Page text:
More than 100 people gathered in front of the Islamic Arts museum in Istanbul on Friday to commemorate the massacre of Armenians during the last days of the Ottoman empire. [...]The commemoration, organized by Turkish and international human rights organizations, was one of a series of events taking place in Istanbul to mark the centenary of the Armenian genocide during which more than 1.5 million Armenians were killed, according to historians’ estimates.

After a quarter of a century since the end of the Cold War, many challenges and threats, as well as opportunities today define a transformation process still ongoing at the global level. With its political stability, vibrant economy, young and dynamic population and active diplomacy, Turkey is an emerging powerhouse. (...) On this basis, the four fundamental elements of Turkey’s multi-dimensional foreign policy are; relations with neighbors and nearby basins, opening up to new geographies, effective role in international organizations and platforms and depth in strategic relations.

Turkey's ruling Justice and Development Party discovered the effectiveness of “soft power” early on in its rule. Soft power was successfully used to promote Turkey as a modern Muslim democracy. Unfortunately, this has now gone into reverse gear due to the increasing authoritarian trends of Turkey's leadership.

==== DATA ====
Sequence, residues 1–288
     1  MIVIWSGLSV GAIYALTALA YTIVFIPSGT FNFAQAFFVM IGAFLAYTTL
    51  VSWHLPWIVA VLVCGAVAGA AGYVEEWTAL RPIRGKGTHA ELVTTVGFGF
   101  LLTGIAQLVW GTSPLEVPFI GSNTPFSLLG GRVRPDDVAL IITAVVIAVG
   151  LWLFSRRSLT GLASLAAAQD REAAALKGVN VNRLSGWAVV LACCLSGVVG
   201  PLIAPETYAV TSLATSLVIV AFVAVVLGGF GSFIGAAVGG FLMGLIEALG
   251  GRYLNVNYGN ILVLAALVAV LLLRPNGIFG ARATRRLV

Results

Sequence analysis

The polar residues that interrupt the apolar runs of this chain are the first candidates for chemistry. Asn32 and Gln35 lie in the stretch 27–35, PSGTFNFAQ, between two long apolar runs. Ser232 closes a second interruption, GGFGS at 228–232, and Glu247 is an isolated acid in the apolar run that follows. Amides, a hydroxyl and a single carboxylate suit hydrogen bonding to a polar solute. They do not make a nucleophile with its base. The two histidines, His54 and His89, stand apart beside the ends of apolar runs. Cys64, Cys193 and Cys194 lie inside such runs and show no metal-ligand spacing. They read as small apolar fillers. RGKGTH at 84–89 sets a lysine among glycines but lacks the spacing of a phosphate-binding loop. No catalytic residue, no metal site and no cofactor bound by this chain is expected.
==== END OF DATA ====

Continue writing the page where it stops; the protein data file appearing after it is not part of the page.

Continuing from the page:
Turkey and Pakistan have turned to political dialogue in an attempt to resolve tensions surrounding the conflict in Yemen between Houthi militias and Saudi-led coalition of Arab countries. Turkey has been in close contact with regional and international powers to seek a solution in Yemen which includes all the country's parties, while not overshadowing its territorial integrity.

Turkey and Pakistan, two of the biggest military powers in the Muslim world, have launched a diplomatic initiative in an effort to prevent the conflict in Yemen from exploding into a regional one. (...) The intense series of consultation comes two weeks after a Saudi Arabia-led coalition launched a bombing campaign over Yemen aimed at halting Houthi advances.

Harvard University's Distinguished Service Professor Nye is a political scientist who coined the concept "soft power" -- a kind of power that has the ability to attract rather than coerce, and that has been widely used by Turkish decision-makers to highlight the country's appeal as a modern Muslim democracy. Nye is despondent over Turkey's current direction and believes that cracking down on dissent has a negative impact on Turkey's most significant weapon: soft power.

This week PD News focuses on different approaches taken to help address both the political and humanitarian needs to resolve the crisis.